When George Steinbrenner let his emotional outbursts drive the direction of the Yankees during the 1980s, he was the laughingstock of baseball, and the team suffered accordingly. In contrast, the front office that Theo Epstein ran from 2003-11 prided itself at taking the long view, of not getting its cues from sports columnists or the impatient fans on sports radio. There was a clear reason why we said: "In Theo We Trust". The front office explained its five-year plan, it sounded ambitious and logical, and they executed it with as much precision as you can in the unpredictable world of professional baseball. And it worked. It goddamn worked. They won two titles in those five years.
Example
Relief pitching is extraordinary difficult (if not impossible) to predict. Every season relief pitchers seemingly come out of nowhere and excel beyond anyone's expectations, and then they often lose that effectiveness in a season or two. (Who knew that Kyle Farnsworth would become an elite closer for Tampa Bay last year?) The reverse also happens. Being able to keep your cool and concentrate in the highest-leverage situations is a talent, but considering the pressure and demand to excel that every major league pitcher deals with while rising up through the minors, the possession of a "closer's attitude" seems unimportant to me. Any player unable to shut out the crowd and focus on the task in front of him either washes out of the majors very quickly or never gets within shouting distance of the bigs in the first place.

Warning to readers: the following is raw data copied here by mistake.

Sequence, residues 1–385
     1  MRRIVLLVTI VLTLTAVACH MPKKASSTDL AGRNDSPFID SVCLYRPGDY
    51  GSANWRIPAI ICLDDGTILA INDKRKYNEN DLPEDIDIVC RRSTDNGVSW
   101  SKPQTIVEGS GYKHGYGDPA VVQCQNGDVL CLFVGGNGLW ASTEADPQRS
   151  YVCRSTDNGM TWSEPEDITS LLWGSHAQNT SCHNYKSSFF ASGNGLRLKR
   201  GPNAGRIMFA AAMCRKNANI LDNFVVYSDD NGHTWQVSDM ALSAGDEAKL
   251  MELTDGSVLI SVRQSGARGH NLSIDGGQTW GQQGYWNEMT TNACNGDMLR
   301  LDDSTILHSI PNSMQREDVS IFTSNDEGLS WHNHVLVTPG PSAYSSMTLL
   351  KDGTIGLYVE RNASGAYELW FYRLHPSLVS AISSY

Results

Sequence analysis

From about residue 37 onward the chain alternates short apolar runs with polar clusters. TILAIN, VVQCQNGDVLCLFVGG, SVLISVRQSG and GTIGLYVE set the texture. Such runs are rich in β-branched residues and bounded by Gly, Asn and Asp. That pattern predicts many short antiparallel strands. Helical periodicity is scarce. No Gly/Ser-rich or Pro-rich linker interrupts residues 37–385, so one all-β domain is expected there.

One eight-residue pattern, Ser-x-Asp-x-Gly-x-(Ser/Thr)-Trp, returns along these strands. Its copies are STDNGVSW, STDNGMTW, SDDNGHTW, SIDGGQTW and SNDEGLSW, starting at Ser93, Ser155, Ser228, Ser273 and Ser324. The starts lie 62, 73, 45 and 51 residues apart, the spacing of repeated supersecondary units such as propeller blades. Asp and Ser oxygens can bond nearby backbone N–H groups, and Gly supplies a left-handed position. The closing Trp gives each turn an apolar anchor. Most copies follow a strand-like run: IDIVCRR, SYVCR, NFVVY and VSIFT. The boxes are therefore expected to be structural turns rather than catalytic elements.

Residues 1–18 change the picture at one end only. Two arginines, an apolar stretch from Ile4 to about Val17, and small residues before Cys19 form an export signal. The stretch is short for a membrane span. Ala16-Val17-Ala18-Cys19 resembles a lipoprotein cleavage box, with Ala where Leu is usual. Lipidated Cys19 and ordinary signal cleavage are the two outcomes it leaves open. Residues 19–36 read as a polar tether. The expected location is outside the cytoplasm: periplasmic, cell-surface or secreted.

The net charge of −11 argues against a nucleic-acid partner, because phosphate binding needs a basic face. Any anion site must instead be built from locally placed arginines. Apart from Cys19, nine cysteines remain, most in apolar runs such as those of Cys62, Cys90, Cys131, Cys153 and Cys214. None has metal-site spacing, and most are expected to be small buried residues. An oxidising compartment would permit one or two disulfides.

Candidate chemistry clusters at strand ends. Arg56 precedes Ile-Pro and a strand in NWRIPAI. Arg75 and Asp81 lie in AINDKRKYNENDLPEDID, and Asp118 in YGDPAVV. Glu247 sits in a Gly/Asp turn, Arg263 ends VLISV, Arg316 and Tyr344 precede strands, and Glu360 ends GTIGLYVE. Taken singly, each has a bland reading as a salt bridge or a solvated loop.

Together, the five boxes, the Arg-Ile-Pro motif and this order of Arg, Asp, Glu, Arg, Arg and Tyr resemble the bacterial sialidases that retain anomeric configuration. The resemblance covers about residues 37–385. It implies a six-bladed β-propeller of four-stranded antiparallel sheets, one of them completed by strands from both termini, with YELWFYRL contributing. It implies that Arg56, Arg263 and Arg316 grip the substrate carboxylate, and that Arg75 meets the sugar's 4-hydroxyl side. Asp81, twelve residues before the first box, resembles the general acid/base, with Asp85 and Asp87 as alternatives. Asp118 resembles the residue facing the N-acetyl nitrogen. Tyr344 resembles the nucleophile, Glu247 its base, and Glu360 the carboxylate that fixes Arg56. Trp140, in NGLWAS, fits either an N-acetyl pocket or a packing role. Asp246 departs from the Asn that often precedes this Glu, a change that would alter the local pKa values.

Bobby Valentine committed an error when he announced that Aceves would be the team's closer. Aceves was angry at not being chosen for the rotation and perhaps Valentine's designation was made to boost his ego. I don't know. But I do know that without that pronouncement, Valentine could have used Aceves or Melancon or Vicente Padilla or Franklin Morales as each ninth-inning situation and different opponent arose. One size does not fit all. Now, if (when?) Valentine changes anything, it will be spun as a panicking manager of a rudderless team giving up on a player after only a handful of appearances.

I want the management of my team to understand that shit happens. (I want overwrought and misplaced panic to be the exclusive domain of the CHBs of the world.) Bad teams beat good teams, and good teams lose games. Sometimes those good teams lose two or three games in a row. The 1998 Yankees began the season 0-3 (and 1-4), and ended up with a 114-48 record and a World Series trophy. The 2011 Red Sox started out 2-10, then started winning like gangbusters, going 80-41, including 36-15 in June and July. (What happened in September does not erase the previous four months of excellence.)